Political leaders have wished Queen Elizabeth well following the cancellation of her visit to Northern Ireland this week.
The British queen had been due to arrive in Hillsborough, Co Down, on Wednesday where she was scheduled to meet with locals including schoolchildren after the village was officially named Royal Hillsborough.
It was the first village or town in Northern Ireland to be granted royal status.
👑 Wishing Her Majesty The Queen all the very best as she takes a few days’ rest. I look forward to meeting her in Northern Ireland in the future.
— Brandon Lewis (@BrandonLewis) October 20, 2021
The queen was also due to attend a church service in Armagh on Thursday to mark the centenary of Northern Ireland’s formation.
However, the trip was cancelled after the queen “reluctantly accepted medical advice to rest for the next few days”, Buckingham Palace said.
The queen (95) is said to be in good spirits but disappointed not to be able to carry out the two-day trip.
The UK's Northern Ireland Secretary, Brandon Lewis, tweeted: “Wishing Her Majesty The Queen all the very best as she takes a few days’ rest. I look forward to meeting her in Northern Ireland in the future.”
We thank Her Majesty for her good wishes to the people of Northern Ireland and trust that she will keep well and benefit from a period of rest. It is always a joy to have Her Majesty in Royal Hillsborough and we look forward to a further visit in the near future. pic.twitter.com/HO5b2kZlA8
— Jeffrey Donaldson MP (@J_Donaldson_MP) October 20, 2021
DUP leader Jeffrey Donaldson also tweeted his best wishes.
“We thank Her Majesty for her good wishes to the people of Northern Ireland and trust that she will keep well and benefit from a period of rest,” he tweeted.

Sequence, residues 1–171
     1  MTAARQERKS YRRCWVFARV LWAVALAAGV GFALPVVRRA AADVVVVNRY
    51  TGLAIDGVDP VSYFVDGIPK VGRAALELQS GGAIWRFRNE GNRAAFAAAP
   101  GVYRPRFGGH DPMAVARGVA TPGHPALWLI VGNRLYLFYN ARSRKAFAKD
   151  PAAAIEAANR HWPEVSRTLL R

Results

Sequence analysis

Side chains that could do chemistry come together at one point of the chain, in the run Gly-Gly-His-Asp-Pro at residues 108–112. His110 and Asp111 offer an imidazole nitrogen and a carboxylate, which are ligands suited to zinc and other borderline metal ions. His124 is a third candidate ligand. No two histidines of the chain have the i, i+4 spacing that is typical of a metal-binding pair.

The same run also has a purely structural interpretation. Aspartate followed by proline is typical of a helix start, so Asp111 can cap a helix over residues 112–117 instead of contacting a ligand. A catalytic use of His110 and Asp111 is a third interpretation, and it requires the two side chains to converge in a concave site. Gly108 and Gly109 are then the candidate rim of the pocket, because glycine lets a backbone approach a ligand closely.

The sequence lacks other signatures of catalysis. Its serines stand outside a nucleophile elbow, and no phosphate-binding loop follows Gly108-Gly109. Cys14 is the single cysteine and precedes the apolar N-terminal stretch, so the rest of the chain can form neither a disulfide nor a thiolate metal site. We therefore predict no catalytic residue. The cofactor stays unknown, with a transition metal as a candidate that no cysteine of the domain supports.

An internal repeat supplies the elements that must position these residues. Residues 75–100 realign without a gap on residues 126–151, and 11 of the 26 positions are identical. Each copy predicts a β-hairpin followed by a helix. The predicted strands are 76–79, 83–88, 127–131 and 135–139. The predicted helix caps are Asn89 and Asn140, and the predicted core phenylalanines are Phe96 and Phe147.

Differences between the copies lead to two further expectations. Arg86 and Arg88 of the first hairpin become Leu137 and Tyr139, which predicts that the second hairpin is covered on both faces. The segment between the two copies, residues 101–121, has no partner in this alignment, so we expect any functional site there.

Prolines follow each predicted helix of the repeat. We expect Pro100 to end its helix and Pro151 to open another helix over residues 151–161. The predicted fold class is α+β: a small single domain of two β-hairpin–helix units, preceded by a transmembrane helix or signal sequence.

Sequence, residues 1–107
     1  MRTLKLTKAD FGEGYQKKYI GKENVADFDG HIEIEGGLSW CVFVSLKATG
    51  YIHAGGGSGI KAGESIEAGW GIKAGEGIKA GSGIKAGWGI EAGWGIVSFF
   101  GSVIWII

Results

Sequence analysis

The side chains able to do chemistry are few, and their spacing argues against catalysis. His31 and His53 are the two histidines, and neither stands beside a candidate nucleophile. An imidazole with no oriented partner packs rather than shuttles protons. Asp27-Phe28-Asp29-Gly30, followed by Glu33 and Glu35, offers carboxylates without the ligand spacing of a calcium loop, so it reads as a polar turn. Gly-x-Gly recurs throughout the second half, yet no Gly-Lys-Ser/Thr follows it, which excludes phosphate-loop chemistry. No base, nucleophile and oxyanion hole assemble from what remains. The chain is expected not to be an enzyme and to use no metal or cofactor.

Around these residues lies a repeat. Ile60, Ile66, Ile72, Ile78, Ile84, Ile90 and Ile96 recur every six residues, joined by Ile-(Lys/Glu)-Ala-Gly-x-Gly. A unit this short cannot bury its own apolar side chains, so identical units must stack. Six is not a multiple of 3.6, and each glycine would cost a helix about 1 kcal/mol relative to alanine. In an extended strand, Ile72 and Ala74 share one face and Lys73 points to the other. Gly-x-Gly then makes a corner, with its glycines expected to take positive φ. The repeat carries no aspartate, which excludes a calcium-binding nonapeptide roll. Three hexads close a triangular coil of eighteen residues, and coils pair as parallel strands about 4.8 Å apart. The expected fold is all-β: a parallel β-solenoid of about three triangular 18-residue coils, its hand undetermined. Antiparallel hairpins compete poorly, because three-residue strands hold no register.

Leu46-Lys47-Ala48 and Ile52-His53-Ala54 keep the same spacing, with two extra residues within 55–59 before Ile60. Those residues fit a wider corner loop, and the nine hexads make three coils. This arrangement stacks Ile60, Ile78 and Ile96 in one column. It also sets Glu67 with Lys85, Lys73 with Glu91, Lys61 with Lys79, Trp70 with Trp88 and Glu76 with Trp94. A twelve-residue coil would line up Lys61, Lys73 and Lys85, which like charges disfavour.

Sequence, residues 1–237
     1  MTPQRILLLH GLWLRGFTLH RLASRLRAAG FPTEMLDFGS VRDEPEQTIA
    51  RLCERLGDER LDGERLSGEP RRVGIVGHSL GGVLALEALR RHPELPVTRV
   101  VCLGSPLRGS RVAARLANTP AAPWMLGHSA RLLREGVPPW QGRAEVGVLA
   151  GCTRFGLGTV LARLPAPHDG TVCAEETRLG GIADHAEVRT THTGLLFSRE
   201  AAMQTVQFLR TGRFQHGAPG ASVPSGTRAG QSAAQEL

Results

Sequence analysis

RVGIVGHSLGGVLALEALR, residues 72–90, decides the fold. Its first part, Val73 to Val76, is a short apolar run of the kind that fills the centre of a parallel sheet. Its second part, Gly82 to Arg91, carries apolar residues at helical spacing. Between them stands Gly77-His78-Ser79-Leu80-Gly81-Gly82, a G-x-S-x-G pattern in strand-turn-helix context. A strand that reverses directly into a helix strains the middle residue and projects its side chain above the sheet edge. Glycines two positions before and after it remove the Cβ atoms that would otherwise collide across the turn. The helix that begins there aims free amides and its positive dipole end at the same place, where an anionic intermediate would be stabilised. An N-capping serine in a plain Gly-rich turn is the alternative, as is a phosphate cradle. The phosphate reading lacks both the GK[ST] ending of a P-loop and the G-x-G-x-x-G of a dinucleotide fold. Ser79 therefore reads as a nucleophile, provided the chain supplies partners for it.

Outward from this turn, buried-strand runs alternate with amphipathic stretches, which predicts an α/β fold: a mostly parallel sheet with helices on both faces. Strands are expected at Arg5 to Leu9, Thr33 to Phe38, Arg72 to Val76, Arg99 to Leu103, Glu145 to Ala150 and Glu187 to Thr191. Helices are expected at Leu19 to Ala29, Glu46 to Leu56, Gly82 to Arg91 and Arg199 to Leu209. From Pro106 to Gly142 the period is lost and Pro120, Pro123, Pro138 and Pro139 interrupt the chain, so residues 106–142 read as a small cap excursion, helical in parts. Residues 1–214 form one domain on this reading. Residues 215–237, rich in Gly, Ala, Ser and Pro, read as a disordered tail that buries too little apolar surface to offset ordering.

“It is always a joy to have Her Majesty in Royal Hillsborough and we look forward to a further visit in the near future.”
The church service in Armagh became the centre of a row last month after the President of Ireland Michael D Higgins declined an invitation to attend because he believed it was not politically neutral.
The Irish Government will be represented at the service by Minister for Foreign Affairs Simon Coveney and chief whip Jack Chambers.
The prayer service has been organised by the four main churches in Northern Ireland.
Church leaders expressed sorrow after learning the British queen would not be attending.
“We are very sorry to learn that it will not be possible for Her Majesty Queen Elizabeth II to be present for the Service of Reflection and Hope in Armagh tomorrow,” they said in a statement.
“We wish to convey to Her Majesty our good wishes and, in doing so, to acknowledge the significance of her commitment to the work of peace and reconciliation, which has meant a great deal to people throughout this island.
“We hope that tomorrow’s service will provide an opportunity to further that work, with an emphasis on our shared hopes for the future.”
The statement was signed by Presbyterian Moderator David Bruce, Church of Ireland Primate John McDowell, Catholic Primate Eamon Martin, President of the Irish Council of Churches Ivan Patterson and President of the Methodist Church in Ireland Sahr Yambasu.